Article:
Quo Warranto for disputes between municipalities is dead – Long Live Declaratory Judgments

There is hardly anything more contentious than a battle between two municipalities over who will govern a particular area. Usually there is a lot at stake in these disputes with a winner take all rule that controls. The procedures for contesting the boundaries of another municipality are part of our legal history and have been described as arcane because they involved – until recently – a seldom-used special remedy known as a quo warranto. One rule that has been ground into the municipal legal fabric is that quo warranto is the sole exclusive remedy to contest another municipality’s boundaries. Much to the surprise of most municipal attorneys a recent decision by the Missouri Supreme Court  – City of Lake St. Louis v. City of O’Fallon, – held that the City of Lake St. Louis could file a declaratory judgment contesting the boundaries of the City of O’Fallon.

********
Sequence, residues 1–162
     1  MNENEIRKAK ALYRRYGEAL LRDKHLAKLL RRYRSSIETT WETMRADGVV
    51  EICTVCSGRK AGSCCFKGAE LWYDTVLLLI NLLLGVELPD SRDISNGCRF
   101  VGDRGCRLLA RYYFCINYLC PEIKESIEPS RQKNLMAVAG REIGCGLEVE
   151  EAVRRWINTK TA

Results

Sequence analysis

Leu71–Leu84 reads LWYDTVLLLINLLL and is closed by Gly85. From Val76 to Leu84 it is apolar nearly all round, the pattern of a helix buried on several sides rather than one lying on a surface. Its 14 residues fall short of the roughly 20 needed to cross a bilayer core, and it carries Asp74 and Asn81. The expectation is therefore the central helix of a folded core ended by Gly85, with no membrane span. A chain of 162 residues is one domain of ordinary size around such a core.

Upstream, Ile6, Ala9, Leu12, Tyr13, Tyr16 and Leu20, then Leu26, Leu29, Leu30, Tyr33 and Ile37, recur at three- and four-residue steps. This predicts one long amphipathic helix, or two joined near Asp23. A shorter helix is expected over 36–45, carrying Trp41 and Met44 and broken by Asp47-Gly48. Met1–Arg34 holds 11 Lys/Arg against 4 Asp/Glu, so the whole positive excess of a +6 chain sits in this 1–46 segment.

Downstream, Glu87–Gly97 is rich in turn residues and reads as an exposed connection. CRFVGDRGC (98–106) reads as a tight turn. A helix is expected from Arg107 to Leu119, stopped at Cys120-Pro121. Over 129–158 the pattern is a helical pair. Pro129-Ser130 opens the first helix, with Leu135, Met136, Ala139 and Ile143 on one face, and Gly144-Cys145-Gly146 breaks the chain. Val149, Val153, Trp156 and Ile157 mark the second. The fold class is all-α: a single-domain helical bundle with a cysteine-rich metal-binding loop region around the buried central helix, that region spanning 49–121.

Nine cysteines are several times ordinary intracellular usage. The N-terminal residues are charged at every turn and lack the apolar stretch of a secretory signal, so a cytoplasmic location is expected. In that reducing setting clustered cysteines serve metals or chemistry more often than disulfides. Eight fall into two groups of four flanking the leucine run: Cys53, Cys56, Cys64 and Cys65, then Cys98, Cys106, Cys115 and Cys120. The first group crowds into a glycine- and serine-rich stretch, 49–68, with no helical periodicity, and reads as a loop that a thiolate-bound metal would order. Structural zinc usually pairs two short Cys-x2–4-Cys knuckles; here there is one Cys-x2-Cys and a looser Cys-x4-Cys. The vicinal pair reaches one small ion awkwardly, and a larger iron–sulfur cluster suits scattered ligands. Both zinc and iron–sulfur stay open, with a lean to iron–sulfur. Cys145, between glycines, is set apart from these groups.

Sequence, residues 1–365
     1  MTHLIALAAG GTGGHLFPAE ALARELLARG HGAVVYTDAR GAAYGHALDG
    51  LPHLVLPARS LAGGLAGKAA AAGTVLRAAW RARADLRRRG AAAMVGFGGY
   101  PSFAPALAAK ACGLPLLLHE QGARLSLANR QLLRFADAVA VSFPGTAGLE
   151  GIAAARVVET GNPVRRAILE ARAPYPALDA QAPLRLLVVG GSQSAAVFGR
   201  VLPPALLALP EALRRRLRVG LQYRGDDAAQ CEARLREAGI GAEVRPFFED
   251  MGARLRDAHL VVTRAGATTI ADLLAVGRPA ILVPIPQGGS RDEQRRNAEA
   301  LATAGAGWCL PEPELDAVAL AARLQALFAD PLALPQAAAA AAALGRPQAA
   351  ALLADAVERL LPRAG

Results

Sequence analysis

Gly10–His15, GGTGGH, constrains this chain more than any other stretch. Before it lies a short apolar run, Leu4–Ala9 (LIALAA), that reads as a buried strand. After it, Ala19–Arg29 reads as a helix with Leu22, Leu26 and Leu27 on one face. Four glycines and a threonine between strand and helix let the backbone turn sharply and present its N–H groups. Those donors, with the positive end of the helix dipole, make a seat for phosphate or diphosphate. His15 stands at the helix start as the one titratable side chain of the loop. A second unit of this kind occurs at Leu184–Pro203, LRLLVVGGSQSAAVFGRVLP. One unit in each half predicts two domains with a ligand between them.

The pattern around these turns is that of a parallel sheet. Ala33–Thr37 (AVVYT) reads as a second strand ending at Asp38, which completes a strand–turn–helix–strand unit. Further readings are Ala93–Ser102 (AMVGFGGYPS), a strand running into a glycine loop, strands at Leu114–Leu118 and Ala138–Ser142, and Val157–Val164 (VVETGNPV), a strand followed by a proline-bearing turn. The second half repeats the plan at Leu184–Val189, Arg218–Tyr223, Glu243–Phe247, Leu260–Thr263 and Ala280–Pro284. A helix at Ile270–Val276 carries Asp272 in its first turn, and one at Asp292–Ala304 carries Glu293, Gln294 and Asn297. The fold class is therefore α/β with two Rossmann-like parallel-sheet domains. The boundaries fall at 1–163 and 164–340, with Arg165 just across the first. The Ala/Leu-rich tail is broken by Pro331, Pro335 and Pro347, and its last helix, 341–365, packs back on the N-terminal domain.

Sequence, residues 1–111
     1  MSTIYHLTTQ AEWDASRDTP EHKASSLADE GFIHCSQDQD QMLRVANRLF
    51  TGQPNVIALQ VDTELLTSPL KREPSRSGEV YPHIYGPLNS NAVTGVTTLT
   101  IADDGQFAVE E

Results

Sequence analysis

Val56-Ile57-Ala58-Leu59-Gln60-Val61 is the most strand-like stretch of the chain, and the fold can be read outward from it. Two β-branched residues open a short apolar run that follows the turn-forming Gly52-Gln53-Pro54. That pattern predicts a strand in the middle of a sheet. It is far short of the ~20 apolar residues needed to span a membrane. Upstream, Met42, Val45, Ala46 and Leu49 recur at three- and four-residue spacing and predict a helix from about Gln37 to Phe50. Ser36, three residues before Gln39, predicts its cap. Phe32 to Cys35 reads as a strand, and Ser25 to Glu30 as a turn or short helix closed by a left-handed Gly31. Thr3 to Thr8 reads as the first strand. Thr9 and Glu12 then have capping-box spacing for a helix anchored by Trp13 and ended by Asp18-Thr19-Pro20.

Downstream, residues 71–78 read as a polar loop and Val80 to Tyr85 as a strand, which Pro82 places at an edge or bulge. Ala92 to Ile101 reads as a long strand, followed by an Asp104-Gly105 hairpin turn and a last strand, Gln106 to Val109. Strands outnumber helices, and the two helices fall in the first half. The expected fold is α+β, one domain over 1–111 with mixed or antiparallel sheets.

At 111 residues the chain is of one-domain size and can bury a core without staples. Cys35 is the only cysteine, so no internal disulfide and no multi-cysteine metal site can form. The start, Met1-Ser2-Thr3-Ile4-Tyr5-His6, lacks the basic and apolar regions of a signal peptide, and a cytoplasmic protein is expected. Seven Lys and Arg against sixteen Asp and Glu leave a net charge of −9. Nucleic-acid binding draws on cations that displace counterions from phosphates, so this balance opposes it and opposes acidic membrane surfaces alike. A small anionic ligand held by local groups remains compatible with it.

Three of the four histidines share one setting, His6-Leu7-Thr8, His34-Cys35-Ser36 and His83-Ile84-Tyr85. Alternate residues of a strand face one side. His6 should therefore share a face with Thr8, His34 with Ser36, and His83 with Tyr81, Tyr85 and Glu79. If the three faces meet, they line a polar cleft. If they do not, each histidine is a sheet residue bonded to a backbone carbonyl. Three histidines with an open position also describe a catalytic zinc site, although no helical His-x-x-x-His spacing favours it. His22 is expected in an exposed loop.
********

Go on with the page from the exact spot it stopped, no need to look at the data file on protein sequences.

The Missouri Supreme Court reasoned that the difficulty with a quo warranto action is that it must be brought by the Attorney General of the State of Missouri or by the prosecuting attorney in the county where the contested land is located. The Court reasoned that if the Attorney General or the county prosecutor refuses to bring the quo warranto action a municipality – that has a legally protectable interest – would have no way to challenge the boundaries of another municipality. The declaratory judgment action allowed the dispute  to proceed directly without the AG or the county prosecutor as an intermediary.  For additional analysis see my MMAA Newsletter summary of this important decision.

Before bringing an action to contest the boundaries of another community municipal leaders should  first determine if they have a legally protectable interest, the long-term consequences on the relations with the other community and whether or not it could  be resolved through mediation. The Institute for Local Government has a program for dispute resolution between public agencies and has released two pamphlets on this subject.

The information provided in this Post is not intended to constitute legal advice. (©) 2011 Howard Wright

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